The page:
Learn why Pinterest has quickly become a social media darling in an interview with Crystal Wiebe, Corporate Communications and Social Media Strategist for Staples Promotional Products.
Why Pinterest? Why now?
Although Staples Promotional Products operates primarily in the B2B realm, as a product-oriented company, having a presence on Pinterest makes sense for us. At Staples, one of our core markets consists of buyers of promotional products. Pinterest’s core group of users, women age 25-44, may only represent a portion of promotional products buyers. Yet they’re as likely as anyone to need promotional products at some point. Furthermore, in the B2B eCommerce space, Pinterest users may also represent our customers’ customers.
What have you learned from watching the Pinterest trends?
Seeing exactly what Pinterest users like has been very helpful to us. We haven’t been pinning for long, but the trends we’ve noticed there have already begun to influence the monthly product and design trend reports we share internally and with our clients.
As a business, we aim to be a “brand partner” –- a team of experts that our clients can count on to offer sound promotional product recommendations. Promotional products are most effective if they are useful and attractive to the people who receive them. Therefore, engaging –- or even just lurking –- on Pinterest provides a new way for us to get and test ideas. For example, if mason jars are getting pinned like crazy, that may be something to keep in mind for a client looking for an Americana-themed promotion. If messenger bags made of old tires go viral, that might be a good recommendation for a client seeking upcycled products.
How are you measuring your success on Pinterest?
We haven’t been playing with Pinterest long, so we are definitely still experimenting to figure out what works for us. Like other social channels, we view Pinterest as a relationship-building tool. Our Followers come from all over the world and include a handful of our own associates and some other brands in the promotional products industry. In this way, Pinterest also helps us subtly market ourselves. In addition, we track the number of Likes and Repins we see across our boards.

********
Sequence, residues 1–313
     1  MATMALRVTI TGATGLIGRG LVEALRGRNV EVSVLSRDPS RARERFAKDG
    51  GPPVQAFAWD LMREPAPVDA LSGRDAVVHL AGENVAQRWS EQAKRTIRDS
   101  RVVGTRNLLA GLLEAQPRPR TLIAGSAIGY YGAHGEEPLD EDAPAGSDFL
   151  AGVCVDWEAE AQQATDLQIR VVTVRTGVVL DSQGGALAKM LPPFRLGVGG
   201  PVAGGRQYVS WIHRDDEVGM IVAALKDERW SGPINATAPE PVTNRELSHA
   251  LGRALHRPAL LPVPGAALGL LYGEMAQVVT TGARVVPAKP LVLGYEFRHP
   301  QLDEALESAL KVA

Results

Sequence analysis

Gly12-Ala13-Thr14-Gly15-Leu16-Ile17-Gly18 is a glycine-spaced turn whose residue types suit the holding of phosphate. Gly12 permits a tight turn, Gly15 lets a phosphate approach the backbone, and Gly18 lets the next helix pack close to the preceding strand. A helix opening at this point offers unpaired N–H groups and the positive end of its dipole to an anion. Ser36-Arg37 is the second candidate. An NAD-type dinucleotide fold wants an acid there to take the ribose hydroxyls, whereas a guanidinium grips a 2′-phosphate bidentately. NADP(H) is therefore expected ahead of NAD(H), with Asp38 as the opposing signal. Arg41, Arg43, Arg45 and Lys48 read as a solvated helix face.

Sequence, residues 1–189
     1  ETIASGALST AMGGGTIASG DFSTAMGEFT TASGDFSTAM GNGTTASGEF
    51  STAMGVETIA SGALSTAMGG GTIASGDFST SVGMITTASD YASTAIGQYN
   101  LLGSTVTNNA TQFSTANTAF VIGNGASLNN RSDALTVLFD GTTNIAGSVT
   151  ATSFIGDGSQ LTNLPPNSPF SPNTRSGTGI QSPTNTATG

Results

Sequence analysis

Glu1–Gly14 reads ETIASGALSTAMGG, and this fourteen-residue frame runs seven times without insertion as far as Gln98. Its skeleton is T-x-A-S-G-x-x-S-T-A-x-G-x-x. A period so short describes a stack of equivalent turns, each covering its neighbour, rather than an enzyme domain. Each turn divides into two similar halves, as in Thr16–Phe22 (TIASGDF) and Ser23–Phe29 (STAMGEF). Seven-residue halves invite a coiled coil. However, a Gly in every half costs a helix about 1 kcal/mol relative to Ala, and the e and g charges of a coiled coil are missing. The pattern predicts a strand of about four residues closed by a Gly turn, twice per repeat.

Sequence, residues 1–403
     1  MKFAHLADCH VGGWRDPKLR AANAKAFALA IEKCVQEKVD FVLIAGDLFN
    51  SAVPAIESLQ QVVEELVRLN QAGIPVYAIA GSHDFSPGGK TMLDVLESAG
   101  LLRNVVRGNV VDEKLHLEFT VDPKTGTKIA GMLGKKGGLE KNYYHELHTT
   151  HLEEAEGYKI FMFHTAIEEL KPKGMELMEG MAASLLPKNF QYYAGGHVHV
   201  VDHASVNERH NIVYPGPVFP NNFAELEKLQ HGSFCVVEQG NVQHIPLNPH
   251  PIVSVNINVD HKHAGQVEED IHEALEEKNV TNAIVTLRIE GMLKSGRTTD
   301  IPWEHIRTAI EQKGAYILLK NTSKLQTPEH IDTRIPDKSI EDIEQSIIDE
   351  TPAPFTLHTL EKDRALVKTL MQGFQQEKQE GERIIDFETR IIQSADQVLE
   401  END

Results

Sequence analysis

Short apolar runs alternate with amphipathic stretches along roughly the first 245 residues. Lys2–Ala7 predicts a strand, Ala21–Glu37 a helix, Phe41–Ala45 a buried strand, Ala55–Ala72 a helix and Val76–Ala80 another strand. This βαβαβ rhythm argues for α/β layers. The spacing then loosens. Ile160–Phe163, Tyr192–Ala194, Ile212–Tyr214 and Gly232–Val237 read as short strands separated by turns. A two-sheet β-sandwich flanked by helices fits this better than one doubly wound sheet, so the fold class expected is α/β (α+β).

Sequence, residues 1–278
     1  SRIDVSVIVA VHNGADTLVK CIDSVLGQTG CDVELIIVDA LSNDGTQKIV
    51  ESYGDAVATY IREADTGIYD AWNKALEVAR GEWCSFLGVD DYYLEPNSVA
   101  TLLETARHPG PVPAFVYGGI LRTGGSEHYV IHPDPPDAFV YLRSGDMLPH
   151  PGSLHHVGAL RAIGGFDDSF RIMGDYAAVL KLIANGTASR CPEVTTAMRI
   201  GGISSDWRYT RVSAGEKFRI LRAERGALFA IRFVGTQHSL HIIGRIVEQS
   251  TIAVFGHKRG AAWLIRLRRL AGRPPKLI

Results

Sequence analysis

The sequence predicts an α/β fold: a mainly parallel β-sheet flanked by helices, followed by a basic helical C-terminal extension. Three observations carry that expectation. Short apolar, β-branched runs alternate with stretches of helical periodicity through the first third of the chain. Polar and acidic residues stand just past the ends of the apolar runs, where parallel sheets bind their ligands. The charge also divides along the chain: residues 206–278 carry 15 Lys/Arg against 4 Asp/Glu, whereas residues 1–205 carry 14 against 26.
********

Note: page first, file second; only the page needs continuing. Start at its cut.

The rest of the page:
What advice do you have for new pinners?
Our most popular boards are those that our Art Directors contribute to regularly. Our Pinterest account began as an inspiration tool for our Art Directors. I would recommend that other brands who want to use Pinterest also let the creatives on staff take the lead. Our most active Art Director tends to share the images that get the most repins, such as a Scrabble Drink Coaster. (23 repins!)
We also pin images that reflect overall product trends that we’re noticing. For instance, you’ll see a lot of upcycled and metal items on our boards lately. Mostly, we pin a variety products, designs, even typography that inspires us.
How do you keep from being overly self-promotional?
Following the model of brands that are finding the most success on Pinterest, we try not to fill up our boards with our own products. We reference our products when it makes sense. For instance, this jacket is part of Destinations, our proprietary line of promotional apparel. Not only did we pin the jacket but also the recent stop motion animation video we had created to draw attention to the Destinations product line.
Any final thoughts?
We want people to associate our brand with creativity. Pinterest makes that easier than any other social forum because it is purely image based.
- See something cool. Pin it.
- See someone else’s cool pin. Repin it.
Our Pinterest contributors are a mix of marketing, merchandise, and designers. Just like anyone else, they share the cool things they stumble across online, as well as items that reflect current promo and retail industry trends. Our merchandise experts brought back a lot of pinnable ideas from the recent AmericaSmart show in Atlanta and the Consumer Electronics Show in Las Vegas.
Hey, HubSpotters, what are you pinning? Tell us your experiences with Pinterest in the comments below.